The problem started near the end of summer and into the start of winter when Florida saw very wet weather. The last gasp for significant state wide rain was Hurricane Matthew according to State Climatologist David Zierden. That period of rather heavy rainfall helped to increase the forrest growth and available wild fire fuels. Then the dry period set in with record dry conditions over a large part of inland Florida. This dried out the fuels and set up the fire danger we have today.
In addition, the temperatures have been well above the average. This can lead to an increased wildfire risk. Accordingly, the drought indexes continue to rise and have already contributed to more than 60,000 acres of Florida burned.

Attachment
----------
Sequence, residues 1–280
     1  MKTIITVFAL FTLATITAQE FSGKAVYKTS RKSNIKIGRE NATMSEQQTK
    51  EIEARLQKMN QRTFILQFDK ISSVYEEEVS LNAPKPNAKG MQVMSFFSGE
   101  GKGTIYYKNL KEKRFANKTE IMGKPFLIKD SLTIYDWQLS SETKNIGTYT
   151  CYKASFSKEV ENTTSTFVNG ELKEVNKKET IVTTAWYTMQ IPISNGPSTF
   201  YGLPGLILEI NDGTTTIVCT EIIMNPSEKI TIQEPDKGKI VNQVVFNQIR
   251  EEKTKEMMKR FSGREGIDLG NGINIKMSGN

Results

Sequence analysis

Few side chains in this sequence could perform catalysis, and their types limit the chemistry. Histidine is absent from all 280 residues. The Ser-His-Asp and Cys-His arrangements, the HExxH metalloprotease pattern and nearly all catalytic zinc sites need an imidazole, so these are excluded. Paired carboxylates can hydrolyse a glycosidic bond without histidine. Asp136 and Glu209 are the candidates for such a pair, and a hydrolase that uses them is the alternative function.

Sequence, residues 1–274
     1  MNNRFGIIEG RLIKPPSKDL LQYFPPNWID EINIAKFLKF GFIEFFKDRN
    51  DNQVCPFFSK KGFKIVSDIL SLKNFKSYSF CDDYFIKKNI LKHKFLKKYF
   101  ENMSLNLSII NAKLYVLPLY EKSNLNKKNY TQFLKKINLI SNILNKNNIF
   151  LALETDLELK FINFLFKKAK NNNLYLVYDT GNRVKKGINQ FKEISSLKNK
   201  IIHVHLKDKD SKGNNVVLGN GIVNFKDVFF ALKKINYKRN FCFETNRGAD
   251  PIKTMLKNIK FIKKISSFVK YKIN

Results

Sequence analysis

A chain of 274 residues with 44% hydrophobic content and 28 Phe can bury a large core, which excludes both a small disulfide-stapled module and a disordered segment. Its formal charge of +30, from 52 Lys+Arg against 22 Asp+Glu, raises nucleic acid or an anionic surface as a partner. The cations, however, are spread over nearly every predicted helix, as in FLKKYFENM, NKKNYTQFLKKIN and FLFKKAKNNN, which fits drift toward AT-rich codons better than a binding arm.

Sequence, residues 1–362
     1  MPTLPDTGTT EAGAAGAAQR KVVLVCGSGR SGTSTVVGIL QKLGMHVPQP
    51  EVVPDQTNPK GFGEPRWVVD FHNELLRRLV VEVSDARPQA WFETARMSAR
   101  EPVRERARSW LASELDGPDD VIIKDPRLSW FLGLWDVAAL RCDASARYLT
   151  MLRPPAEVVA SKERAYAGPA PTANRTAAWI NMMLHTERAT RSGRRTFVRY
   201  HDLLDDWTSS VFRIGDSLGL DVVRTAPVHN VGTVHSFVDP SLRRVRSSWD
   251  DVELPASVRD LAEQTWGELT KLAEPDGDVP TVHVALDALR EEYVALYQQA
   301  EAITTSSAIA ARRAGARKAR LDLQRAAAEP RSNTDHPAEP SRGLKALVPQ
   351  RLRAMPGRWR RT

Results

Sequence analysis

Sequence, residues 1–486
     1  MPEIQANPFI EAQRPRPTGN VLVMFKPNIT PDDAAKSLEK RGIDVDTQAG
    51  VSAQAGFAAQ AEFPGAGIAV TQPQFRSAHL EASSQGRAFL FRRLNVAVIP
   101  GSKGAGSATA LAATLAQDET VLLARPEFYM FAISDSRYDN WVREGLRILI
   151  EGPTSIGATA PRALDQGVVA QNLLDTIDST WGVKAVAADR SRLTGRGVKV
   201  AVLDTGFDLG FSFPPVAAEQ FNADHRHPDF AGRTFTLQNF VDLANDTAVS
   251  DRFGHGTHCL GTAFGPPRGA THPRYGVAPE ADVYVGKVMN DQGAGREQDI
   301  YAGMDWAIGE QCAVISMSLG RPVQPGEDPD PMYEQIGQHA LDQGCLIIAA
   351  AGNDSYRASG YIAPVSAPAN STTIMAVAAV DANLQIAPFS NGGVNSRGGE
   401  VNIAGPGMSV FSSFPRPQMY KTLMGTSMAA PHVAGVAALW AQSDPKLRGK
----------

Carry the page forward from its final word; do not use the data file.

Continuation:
As we are now in the dry season which will continue through the rest of April and May, the drought situation will get worse. Rains would be welcome but thunderstorms bring their own risks. Especially the first thunderstorms of the rainy season starting in June. The first, isolated thunderstorms often ignite wildfires with stray lightning strikes.
One of the more accurate representations of the daily fire risk is the Florida Fire Service Wildfire Danger Index.
It shows the impact of current weather and potential fuel sources that contribute on a daily basis to the potential for a fire to start and require suppression. It currently shows the Suncoast in a "Very High" to "Extreme" risk.
While the US Drought Monitor put parts of inland and west coast Florida in a "Severe Drought" classification it is unclear if this will continue into summer. The Drought Monitor classification is identifying a short term drought of several months. Long term rainfall forecasts for Florida currently have us in an equal chances situation for above or below rainfall over the next 90 days.